Does the author of The Da Vinci Code (and the authors of his sources) have a reason for accusing the Church of a cover up of Mary Magdalene’s “true identity”? Today there are a number of feminists (most of them in America) who think that the Catholic Church should allow women to be priests. They have set out to prove that the Catholic Church has discriminated against women and held women back for centuries. One might ask them if any of the world’s religions allows women to be in a teaching or leadership role. It is not just Catholics who do not allow women clergy and it is only recently that “some” Protestant denominations allow women to be “preachers”.
Islam does not have female Imams, Jews do not have women rabbis (apparently, this has recently changed) and Buddhists have female nuns (as do Catholics) but not in leadership or teaching roles. In fact in most cultures of the world (and not only in religions) women have held subordinate roles to men. Only recently have women been in leadership roles in the secular world. Why single out Catholics for the accusation? The accusations seem particularly malicious- these writers seem to really hate the Catholic Church.
Ironically, Protestants accuse the Catholic Church of making too much of one woman, Mary the Mother of Jesus, and raising her to be almost equal to Jesus. Catholics honour her because she is the Mother of Jesus and he gave her to the Church as our Mother when He was on the cross. She is not thought of as divine and she is to be honoured but not worshipped. She is a model for Christians as she obeyed God and without her obedience our salvation could not have been accomplished. Surely one who was chosen to be the Mother of the Savior deserves special attention and devotion. In fact, Luke records Mary’s words,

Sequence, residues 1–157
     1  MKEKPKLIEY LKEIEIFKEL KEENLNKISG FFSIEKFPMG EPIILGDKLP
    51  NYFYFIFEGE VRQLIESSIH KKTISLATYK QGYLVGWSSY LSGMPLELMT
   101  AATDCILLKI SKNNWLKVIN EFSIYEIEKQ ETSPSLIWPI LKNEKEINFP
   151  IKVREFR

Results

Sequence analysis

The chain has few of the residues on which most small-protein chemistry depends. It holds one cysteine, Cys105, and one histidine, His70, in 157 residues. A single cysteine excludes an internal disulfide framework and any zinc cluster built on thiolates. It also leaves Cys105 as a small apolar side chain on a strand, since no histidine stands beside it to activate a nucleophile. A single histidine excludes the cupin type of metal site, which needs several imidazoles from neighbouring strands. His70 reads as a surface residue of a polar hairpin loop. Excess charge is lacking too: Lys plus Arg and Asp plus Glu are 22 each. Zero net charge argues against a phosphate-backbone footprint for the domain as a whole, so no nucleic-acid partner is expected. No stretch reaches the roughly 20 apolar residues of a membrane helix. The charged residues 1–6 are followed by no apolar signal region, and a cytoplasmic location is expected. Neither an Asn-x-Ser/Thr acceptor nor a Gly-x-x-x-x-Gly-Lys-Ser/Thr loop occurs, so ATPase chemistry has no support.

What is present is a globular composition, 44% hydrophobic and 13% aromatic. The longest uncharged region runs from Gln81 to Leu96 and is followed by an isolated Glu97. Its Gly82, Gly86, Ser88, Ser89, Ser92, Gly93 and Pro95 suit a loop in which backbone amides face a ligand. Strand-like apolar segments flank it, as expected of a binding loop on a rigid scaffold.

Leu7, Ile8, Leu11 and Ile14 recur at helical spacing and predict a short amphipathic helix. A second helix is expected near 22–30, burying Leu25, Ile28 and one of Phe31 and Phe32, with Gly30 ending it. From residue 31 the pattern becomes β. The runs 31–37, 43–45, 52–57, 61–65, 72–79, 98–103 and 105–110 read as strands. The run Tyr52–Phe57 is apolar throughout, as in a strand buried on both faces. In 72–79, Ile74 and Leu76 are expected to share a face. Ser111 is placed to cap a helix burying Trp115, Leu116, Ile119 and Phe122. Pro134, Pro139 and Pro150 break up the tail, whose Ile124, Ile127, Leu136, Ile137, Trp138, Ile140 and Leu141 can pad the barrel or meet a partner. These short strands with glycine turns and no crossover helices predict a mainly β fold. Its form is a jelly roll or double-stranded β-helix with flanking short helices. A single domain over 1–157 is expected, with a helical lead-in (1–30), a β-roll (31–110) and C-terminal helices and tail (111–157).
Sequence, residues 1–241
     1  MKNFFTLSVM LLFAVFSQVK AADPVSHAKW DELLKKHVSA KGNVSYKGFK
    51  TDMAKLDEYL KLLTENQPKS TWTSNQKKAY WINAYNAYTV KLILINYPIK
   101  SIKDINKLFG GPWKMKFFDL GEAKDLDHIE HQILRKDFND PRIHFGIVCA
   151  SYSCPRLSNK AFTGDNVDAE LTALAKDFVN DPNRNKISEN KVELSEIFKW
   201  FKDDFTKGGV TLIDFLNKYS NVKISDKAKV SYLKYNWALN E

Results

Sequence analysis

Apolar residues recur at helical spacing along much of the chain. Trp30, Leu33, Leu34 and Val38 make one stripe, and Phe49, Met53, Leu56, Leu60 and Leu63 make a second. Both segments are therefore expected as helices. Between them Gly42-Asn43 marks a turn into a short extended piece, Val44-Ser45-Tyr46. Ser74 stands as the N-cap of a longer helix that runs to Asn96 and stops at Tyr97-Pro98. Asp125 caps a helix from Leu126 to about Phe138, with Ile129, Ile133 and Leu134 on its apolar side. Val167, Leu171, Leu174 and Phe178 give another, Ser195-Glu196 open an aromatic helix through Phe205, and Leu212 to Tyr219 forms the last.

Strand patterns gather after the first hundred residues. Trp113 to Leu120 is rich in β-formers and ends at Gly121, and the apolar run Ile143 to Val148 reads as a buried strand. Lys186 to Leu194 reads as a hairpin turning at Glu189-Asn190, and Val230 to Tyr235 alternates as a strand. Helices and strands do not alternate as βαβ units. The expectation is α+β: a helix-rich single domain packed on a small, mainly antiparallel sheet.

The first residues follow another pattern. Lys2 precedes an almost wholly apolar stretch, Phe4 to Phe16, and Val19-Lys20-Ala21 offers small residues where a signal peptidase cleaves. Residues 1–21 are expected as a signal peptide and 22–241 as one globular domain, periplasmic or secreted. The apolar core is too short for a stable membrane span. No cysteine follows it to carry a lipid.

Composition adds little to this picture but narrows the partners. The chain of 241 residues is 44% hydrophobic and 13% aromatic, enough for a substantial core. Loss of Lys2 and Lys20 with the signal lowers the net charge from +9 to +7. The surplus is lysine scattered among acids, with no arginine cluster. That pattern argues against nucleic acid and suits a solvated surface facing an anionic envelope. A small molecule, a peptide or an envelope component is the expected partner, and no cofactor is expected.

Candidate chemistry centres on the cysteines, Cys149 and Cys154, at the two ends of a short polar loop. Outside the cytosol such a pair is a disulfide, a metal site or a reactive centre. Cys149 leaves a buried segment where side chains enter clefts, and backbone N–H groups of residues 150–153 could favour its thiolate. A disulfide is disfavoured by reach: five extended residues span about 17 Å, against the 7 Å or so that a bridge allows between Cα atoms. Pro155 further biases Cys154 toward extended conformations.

All generations will call me blessed. Luke 1:49
and the words of her relative, Elizabeth:
Blessed are you among women, and blessed is the fruit of your womb. And why has this happened to me, that the mother of my Lord comes to me? Luke 1:42,43
Does the Church discriminate against women?
It is a generally thought that Jesus treated women better than they were treated in the culture of the time. The story of the woman taken in adultery is a good example. The men who brought her to Jesus were ready to stone her – they were not Christians, but Jews. Actually the law of Moses said that both the man and the woman were to be stoned, not just the woman. So the Jews in the time of Jesus were not keeping their own law ie the Law of Moses.
If a man commits adultery with another man's wife--with the wife of his neighbor--both the adulterer and the adulteress must be put to death. Leviticus 20:10